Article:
A crowd of people mingle on the street.
On Wednesday, June 19, hundreds gathered at Minnehaha and Lake Street for Soul of the Southside, a block party style celebration hosted by the Legacy Building with food trucks, local artisans, live music, and more. Families, friends, and dog walkers enjoyed the sunshine during the otherwise overcast week, coming together to celebrate the 159th Juneteenth.


A man and a woman smile as they stand in front of microphones on a stage. A drummer and a guitarist can be partially seen in the background. They are all wearing matching t-shirts.
Husband and wife hip-hop duo iLLism performed on stage at the Hook and Ladder Theatre and Lounge for Soul of the Southside on Wednesday. The couple, both originally from Minneapolis, were accompanied by live drums and guitar on stage as people danced.


Two young women wearing "Memorialize the Movement" t-shirts stand in front of a mural.
Sisters Moriah (left) and Amira (right) pose in front of the community mural they constructed with Memorialize the Movement, an organization dedicated to collecting, preserving, and displaying public artworks from Minneapolis circa 2020. Attendees at Soul of the Southside were free to decorate the piece, which grew progressively more colorful as the day went on.


People stand on a makeshift platform, looking at art and creating their own.
In the middle of a local Black business popup market was this public artwork, which invited people to etch their names, messages, or art into plexiglass laid over glass blocks. This piece, titled “(re)Building on Lake,'' was created in the past few years by Tynan “Ty” Pratumwon (in “staff” shirt) and artists Dio, Matthew “NurDRocks'' Allen, and Sean Garrison with the support of the Longfellow Community Council and the Metropolitan Regional Arts Council.


A view through a thin glass brick wall. On the other side, people are etching their own messages into the surface.
The community based piece showcased four pieces of art, seen in each corner, representing “individual experiences of the [2020] uprisings” according to Pratumwon. Inspired by positive community action amidst the aftermath of George Floyd’s murder, Pratumwon believes “it proved the love we have for each other and the city.”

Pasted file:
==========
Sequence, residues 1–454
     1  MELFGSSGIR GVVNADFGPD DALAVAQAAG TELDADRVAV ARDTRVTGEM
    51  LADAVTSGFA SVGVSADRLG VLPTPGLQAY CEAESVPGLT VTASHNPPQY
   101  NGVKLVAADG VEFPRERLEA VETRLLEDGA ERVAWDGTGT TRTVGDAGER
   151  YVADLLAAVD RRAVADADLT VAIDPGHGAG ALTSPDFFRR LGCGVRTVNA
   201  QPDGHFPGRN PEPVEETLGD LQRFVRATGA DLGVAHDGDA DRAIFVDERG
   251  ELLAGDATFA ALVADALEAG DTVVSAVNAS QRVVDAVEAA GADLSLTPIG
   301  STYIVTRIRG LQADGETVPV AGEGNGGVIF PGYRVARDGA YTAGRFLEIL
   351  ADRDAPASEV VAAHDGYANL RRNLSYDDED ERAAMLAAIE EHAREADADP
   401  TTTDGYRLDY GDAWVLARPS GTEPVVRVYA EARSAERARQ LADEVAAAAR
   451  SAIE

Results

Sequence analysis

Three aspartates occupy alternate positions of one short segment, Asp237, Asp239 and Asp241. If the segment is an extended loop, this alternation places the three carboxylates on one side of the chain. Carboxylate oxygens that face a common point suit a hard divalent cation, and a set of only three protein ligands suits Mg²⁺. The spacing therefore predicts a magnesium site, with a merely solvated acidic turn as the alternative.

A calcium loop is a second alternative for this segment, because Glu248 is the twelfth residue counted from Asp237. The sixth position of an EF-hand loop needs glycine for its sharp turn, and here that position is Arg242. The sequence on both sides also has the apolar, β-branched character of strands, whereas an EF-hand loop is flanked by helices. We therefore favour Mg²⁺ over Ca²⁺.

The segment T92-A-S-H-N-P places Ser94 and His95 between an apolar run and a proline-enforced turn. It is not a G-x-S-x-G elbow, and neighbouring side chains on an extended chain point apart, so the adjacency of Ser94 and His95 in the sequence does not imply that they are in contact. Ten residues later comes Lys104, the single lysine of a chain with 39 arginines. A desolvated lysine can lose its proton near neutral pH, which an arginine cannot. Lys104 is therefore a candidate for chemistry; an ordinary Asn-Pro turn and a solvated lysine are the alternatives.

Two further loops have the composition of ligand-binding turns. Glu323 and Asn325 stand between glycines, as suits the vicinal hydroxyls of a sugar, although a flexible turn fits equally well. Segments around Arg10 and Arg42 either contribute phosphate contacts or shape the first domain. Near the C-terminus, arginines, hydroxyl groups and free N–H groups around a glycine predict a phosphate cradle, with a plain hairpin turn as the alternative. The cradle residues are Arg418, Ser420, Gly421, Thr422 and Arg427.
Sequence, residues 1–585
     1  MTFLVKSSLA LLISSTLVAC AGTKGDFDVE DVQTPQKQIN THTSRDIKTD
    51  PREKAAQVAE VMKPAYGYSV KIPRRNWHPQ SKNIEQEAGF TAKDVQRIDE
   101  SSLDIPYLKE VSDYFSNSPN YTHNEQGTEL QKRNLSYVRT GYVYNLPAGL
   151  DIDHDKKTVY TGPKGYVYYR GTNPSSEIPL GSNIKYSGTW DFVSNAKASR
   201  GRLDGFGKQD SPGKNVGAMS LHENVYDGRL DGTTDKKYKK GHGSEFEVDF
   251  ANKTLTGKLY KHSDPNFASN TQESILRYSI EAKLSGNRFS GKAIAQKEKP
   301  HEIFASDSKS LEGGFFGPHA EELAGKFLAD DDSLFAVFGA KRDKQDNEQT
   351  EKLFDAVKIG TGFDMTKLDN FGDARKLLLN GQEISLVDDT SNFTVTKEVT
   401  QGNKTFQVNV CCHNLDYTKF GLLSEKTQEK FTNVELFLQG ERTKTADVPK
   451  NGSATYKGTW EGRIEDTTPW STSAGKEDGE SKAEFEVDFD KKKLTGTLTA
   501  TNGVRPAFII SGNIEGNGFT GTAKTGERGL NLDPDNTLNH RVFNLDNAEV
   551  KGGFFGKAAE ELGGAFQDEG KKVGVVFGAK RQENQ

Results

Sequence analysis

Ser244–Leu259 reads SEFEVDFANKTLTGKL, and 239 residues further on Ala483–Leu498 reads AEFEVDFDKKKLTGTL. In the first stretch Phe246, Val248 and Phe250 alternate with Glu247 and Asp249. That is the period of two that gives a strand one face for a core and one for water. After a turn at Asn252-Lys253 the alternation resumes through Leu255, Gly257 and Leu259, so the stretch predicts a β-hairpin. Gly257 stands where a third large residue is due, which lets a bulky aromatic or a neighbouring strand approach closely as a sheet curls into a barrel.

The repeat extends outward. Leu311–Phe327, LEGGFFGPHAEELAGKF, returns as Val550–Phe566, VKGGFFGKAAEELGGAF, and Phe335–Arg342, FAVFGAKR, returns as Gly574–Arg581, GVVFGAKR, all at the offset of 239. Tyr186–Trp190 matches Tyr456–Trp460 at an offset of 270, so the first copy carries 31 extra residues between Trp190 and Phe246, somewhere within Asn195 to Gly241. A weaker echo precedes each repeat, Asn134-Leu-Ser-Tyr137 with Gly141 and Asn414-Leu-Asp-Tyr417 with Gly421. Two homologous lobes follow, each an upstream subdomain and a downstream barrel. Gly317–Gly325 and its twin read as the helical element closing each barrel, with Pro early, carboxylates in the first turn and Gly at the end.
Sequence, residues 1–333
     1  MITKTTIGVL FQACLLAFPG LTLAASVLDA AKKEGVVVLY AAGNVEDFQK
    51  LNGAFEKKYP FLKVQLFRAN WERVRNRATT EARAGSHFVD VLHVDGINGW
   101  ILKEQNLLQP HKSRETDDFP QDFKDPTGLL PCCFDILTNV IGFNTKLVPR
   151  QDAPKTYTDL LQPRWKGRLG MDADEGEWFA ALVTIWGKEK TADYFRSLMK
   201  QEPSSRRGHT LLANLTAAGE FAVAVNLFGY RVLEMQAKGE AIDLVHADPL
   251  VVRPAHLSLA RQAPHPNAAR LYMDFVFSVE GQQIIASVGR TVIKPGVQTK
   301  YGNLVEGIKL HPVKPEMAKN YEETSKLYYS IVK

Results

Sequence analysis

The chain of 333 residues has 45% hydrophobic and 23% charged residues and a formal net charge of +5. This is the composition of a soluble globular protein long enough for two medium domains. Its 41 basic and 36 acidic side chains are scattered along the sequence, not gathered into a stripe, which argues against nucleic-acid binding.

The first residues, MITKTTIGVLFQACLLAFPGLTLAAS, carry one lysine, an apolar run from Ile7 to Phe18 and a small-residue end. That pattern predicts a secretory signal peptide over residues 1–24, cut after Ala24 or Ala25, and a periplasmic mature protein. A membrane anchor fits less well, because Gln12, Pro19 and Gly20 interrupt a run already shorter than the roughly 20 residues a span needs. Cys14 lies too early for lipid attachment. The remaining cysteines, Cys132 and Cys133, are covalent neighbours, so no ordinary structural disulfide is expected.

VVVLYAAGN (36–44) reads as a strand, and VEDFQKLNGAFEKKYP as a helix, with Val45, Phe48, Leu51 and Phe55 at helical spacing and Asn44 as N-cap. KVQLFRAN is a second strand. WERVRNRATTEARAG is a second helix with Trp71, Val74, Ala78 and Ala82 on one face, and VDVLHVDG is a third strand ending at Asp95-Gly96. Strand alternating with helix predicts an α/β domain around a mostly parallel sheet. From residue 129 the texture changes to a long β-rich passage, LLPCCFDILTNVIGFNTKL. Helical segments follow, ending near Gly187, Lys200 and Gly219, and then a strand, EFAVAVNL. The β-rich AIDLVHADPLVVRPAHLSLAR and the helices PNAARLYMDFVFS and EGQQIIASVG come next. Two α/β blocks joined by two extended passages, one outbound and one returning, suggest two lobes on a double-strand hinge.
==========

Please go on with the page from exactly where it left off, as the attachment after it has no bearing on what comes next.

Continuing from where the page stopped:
A woman stands behind a vendor table, which is covered with a variety of bottles and jars.
Ciara Wilson, founder and CEO of Ciara Custom Collection pictured with her array of handmade health and wellbeing products including chemical free soaps, lotions, candles, and more. Open for over two years now, Ciara takes pride in “having high end products at an affordable price,” something she says isn't always easy for customers to find. It was a long day for Wilson as she attended celebrations in Edina before the Soul of the Southside, but she said business was great; “Will I do this again? Yes!”

A woman wearing big rainbow earrings stands at a tent, surrounded by potted plants.
Shontay Evans does it all; selling plants, seeds, dog sitting, snow removal, landscaping, and more. Owner of Tay’s Secret Garden, Evans is a dedicated business owner, “I’ve worked every day, every day for the past six years,” she said as customers stopped by to see her variety of plants. Out of the seventy something plants she started the day with, only nine were left. “I’m forever grateful for the people and sponsors who put this on.”

A woman with long braids and wearing a bright yellow shirt stands next to a table covered with purple cloth.  With her left hand she holds a bamboo plant on the table.
“Find something you’ll love and you’ll never work a day in your life” is the quote Zachina Harps, owner and founder of Aura’s Journey to Self Healing, lives by. In her second year of vending and attending Soul of the Southside, her goal is to “spread love and positive energy through connecting with people.” She believes plants are a lot like us, so make sure to give yourself the sunshine and water you need!

More events are scheduled for this weekend, including Kumbayah: The Juneteenth Story, a play hosted by the Minnesota Humanities Center and Northrop in collaboration with Sweet Potato Comfort Pie and the Liberal Arts Engagement Club, among others.


Despite abolition and the federal holiday, slavery is still practiced in the United States. The thirteenth amendment of the U.S. constitution states that "neither slavery nor involuntary servitude, except as a punishment for crime whereof the party shall have been duly convicted, shall exist within the United States, or any place subject to their jurisdiction." According to the ACLU this loophole allows prisons to force incarcerated people to work for nothing or next to nothing, or face punishment. In addition, the Department of Homeland Security reports that migrants are often “forced to work through deception, coercion, and abuse of legal processes.” According to the Walk Free Global Slavery Index, an estimated 1.1 million people are enslaved in the United States.